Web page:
Last mission to repair the Hubble telescope Hubble space telescope discoveries have enriched our understanding of the cosmos. In this special report, you will see facts about the Hubble space telescope, discoveries it has made and what the last mission's goals are.
For their own good
Fifty years ago, they were screwed-up kids sent to the Florida School for Boys to be straightened out. But now they are screwed-up men, scarred by the whippings they endured. Read the story and see a video and portrait gallery.
Fill out this form to email this article to a friend
Caregivers bear heavy burden not often seen
By ERNEST HOOPER
Published May 17, 2007
Doctors, researchers and other providers often guide cancer patients through the difficult maze of care.
But what about the person making that challenging journey with the cancer patient? What about the spouse, parent or child who sleeps in the hospital to stay with the patient? What about the caregiver who witnesses the pain and nausea endured by the loved one?
Miriam Innocenti says seeing such trauma creates a kind of adversity for the caregiver that you can't ignore.
"The burden of caregiving is not understood by the cancer patient, the general public or really the health care professional, " said Innocenti, a licensed clinical social worker at the H. Lee Moffitt Cancer Center. "There is a feeling of being alone, a feeling that people don't understand what they're going through."
Innocenti, who works in Moffitt's senior adult outpatient clinic, said caregivers need more attention. She leads a discussion for and about caregivers at Moffitt's Strength For Caring Program.
The program focuses in part on the caregiver's emotional vulnerability. Innocenti said every caregiver reacts differently, but some feelings appear universal: fear, guilt, anxiety and depression.
Most caregivers fear the uncertainty of cancer treatment, the death of their loved one and their own mortality. Guilt may come from worrying about the future instead of the patient.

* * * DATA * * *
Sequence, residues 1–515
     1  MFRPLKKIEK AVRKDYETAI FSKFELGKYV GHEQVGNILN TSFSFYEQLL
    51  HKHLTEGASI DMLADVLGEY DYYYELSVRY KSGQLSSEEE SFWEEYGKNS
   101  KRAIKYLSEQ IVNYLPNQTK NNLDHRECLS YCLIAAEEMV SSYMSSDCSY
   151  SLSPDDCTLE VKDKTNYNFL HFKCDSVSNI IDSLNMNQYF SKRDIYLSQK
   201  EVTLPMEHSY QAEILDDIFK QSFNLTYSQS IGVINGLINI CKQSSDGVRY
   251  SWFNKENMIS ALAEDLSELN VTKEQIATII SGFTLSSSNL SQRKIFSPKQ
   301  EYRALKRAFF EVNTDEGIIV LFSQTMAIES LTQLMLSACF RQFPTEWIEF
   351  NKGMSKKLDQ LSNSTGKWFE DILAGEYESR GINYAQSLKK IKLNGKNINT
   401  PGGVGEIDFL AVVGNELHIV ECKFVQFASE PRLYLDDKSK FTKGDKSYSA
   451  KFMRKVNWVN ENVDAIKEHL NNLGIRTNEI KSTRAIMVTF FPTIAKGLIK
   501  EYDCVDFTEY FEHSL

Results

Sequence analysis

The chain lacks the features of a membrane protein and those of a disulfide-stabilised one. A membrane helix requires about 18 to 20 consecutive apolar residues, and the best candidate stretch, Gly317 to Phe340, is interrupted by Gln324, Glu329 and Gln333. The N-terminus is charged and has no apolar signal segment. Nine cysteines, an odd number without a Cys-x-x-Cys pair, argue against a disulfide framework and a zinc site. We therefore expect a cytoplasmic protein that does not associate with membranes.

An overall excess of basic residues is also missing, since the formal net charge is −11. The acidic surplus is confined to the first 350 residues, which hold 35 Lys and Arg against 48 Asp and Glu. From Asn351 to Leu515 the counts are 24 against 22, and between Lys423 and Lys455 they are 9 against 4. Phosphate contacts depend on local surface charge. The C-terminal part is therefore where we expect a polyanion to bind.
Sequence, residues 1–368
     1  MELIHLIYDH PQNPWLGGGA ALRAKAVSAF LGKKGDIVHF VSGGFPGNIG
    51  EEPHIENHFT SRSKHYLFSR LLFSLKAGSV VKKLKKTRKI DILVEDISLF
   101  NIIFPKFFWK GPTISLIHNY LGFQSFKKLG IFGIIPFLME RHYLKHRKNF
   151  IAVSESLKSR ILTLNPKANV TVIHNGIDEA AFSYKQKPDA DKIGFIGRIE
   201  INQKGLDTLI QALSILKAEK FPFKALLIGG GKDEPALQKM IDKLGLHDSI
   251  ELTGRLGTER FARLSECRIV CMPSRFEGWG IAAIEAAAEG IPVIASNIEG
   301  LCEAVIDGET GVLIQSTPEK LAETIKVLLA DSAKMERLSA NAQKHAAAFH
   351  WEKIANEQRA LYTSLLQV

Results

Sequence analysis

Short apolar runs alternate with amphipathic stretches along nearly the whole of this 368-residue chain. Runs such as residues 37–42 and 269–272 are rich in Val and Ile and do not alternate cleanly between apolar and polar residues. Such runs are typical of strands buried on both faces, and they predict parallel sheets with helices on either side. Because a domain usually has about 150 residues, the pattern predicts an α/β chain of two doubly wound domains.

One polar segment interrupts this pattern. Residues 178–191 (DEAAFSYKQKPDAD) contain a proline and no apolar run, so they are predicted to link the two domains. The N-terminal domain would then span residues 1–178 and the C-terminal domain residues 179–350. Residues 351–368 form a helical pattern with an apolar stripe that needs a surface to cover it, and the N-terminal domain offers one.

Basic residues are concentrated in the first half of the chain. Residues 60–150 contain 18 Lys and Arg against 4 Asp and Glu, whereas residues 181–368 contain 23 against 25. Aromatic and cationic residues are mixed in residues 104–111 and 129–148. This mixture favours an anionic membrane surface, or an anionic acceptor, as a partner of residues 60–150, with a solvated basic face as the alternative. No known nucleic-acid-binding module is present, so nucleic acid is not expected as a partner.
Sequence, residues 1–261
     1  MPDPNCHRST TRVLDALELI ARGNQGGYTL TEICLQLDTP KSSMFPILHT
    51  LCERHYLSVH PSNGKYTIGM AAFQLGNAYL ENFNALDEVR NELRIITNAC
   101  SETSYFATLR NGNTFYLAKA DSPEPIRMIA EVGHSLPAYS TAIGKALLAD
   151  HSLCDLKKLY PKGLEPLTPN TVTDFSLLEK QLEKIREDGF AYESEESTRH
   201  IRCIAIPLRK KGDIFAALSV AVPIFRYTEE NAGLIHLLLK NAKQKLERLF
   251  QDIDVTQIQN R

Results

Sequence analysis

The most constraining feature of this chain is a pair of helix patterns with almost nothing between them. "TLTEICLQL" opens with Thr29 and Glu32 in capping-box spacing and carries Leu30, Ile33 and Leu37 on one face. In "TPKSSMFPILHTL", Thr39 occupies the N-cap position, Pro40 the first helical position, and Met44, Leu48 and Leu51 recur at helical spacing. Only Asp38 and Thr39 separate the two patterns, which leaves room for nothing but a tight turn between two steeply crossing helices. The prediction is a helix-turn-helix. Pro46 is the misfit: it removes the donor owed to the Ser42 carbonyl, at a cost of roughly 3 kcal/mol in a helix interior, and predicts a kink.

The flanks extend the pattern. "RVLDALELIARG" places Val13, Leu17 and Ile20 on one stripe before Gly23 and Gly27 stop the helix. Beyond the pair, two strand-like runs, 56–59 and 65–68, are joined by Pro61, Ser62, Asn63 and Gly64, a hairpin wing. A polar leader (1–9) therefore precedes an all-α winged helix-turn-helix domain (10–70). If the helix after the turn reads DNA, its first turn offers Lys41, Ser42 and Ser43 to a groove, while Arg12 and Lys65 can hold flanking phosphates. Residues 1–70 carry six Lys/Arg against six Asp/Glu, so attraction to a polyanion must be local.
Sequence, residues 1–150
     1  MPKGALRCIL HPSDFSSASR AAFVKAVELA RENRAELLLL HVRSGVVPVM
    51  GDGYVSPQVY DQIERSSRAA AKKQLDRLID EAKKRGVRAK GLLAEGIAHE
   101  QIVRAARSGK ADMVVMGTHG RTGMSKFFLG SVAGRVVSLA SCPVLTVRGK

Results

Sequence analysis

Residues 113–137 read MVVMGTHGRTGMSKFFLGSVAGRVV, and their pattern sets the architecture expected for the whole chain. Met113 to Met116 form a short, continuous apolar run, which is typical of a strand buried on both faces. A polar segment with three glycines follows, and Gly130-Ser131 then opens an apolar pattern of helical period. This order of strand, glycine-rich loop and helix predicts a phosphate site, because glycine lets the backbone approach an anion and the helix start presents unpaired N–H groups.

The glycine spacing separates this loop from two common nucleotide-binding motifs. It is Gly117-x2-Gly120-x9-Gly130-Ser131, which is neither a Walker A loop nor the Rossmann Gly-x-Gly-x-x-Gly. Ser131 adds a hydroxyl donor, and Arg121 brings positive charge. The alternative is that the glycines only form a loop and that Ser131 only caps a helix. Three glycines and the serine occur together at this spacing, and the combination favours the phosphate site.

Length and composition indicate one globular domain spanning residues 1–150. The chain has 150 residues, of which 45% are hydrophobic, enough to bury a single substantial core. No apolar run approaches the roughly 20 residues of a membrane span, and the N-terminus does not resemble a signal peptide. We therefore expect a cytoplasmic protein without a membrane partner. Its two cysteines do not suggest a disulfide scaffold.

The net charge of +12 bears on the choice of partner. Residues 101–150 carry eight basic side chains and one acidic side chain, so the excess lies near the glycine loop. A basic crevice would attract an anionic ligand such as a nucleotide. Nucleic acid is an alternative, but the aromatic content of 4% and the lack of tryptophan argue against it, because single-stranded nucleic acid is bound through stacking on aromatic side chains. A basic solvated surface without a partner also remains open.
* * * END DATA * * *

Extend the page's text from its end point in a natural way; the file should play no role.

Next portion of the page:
When Innocenti gathers her caregiver support group, she often senses another emotion: anger. Caregivers resent the disease and the disruption it creates in their lives.
"The anger is so palpable you can feel it in the air, " Innocenti said. "But it may not be verbalized until we give them permission to talk about it. Then they discover that others feel the same way."
Innocenti said upon the cancer diagnosis, life changes for all involved. Dealing with the issue involves the patient and the caregiver finding what she terms a "new normal." If the caregivers don't set aside time to look after themselves, they may end up jeopardizing their own health. Yet they resist asking for help.
Education and support prove to be vital. Understanding cancer and the various treatments eases anxiety.
Support groups give caregivers a safe place to discuss their emotions. They also give them a place to find good advice. For example, some cancer patients who have small children choose not to give the kids an explanation. Innocenti said keeping cancer a secret only increases parents' stress. Plus, even a child as young as 4 may sense a problem in the household.
"It's important to tell them at a level they can understand because it reduces their anxiety, " said Innocenti, who also recommended letting school officials know if the child has a family member battling cancer. "You have to reach out and normalize things for children."
Hopefully, the path to that "new normal" begins on Saturday for some caregivers. It's not a journey they need to make alone.